* The Georgetown Dish writes that D.C. Council Chairman Kwame Brown is urging Interim Chancellor Kaya Henderson “‘to move forward immediately’ to make changes” at troubled Hardy Middle School.
* Maryland state Sen. Allan Kittleman is resigning as minority leader, saying he is too blue for the GOP. In a letter to Minority Whip David Brinkley, Kittleman wrote, “It was apparent that the majority of the caucus members do not want a fiscally conservative who is also a social moderate as the leader of the caucus. Therefore, while it has been a privilege to lead the Republican Senate Caucus for the past two years, I feel it would not be in the best interest of the caucus for me to continue as their leader.” Among other things, Kittleman differed with many in his party in recently announcing his support for a civil unions bill.
But Maryland GOP Chairman Alex Mooney, a conservative, urged Kittleman to reconsider. “While Republicans in elected office and Republican voters at the grassroots level will not agree on every issue,” Mooney said, “Sen. Kittleman’s strong record on issues such as the right to keep and bear arms, tax relief, parental rights in education and less government spending fit well within the values of the Republican Party.”
* Democratic National Committee Chairman Tim Kaine said on MSNBC Tuesday that he has “no reason to believe” Sen. Jim Webb will not seek re-election. “I just believe for a variety of reasons…that he’s going to run,” Kaine said.
* The Post reports that “the top priority of Virginia tea party groups was summarily killed Tuesday morning by a subcommittee of the state Senate. On a 4 to 3 party-line vote, Democrats on a subcommittee of the Senate’s Privileges and Election committee agreed to pass by indefinitely a bill that would have put Virginia on record supporting a convention to amend the U.S. Constitution and add a provision to allow federal laws and regulations to be invalidated by the agreement of two-thirds of state legislatures.”
State Sen. Ryan McDougle, the sponsor of the amendment, is hoping the full committee might still take up the bill, and the Examiner says “‘repeal’ legislation is still alive in the Republican-controlled House of Delegates.”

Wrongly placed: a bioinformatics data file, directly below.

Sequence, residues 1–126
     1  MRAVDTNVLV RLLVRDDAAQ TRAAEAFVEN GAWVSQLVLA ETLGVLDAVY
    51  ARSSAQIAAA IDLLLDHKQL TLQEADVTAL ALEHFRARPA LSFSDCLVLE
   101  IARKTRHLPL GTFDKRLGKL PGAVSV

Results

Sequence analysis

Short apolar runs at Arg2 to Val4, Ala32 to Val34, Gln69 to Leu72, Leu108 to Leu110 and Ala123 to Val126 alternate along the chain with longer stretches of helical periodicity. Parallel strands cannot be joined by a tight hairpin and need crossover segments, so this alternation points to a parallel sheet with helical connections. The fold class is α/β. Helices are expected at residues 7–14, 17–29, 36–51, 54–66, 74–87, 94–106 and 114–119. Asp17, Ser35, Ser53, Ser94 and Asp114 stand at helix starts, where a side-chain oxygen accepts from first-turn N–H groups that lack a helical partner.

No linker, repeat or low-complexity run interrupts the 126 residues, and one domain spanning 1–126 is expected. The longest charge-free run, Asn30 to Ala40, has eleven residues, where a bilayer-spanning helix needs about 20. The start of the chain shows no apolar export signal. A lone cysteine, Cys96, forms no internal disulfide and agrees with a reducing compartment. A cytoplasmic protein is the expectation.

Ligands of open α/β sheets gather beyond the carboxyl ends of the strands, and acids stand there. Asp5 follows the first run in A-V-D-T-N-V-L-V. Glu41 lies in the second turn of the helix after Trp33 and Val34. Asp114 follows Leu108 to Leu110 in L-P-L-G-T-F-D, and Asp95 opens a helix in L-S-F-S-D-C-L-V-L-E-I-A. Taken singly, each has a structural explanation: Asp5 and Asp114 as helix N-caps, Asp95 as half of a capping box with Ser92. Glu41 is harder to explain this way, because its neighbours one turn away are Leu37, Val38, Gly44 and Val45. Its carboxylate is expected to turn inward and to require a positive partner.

* The Post reports a group of Virginia Republican legislators plans “to put forward a package of at least 16 bills aimed at illegal immigrants, including bills that would revoke the driving licenses of deportees, block illegal immigrants from attending public colleges and universities, and require the state to begin tracking the number of undocumented children in public schools.”
* The Post reports three Virginia Democrats are sponsoring bills “to curb the power of Virginia’s attorney general to issue civil subpoenas under the Virginia Fraud Against Taxpayers Act.” The measures would curb AG Ken Cuccinelli’s ability to begin inquiries like the one he has pursued against the University of Virginia over a climate scientist once employed there.
* Gov. Bob McDonnell has named Virginia Department of Transportation chief of communications Jeff Caldwell as his new press secretary. Caldwell replaces Stacey Johnson, who has taken a job on Capitol Hill.
* The Examiner reports the Metro board “has picked the transit agency’s new general manager,” according to search committee member Jeff McKay. “Now, all that remains is to finalize the contract negotiations and make a formal vote at the Jan. 27 full board meeting.”
Meanwhile, Unsuck D.C. Metro reports Metro Police Department officers delivered “an overwhelming no confidence vote” in Chief Michael Taborn at a meeting last week. When asked if the vote “would lead to any real change, one source said, ‘Probably not. Taborn does a really good job of making those above him believe everything is hunky dory on the Metro.’”
Follow P.J. Orvetti on Twitter at @PJOinDC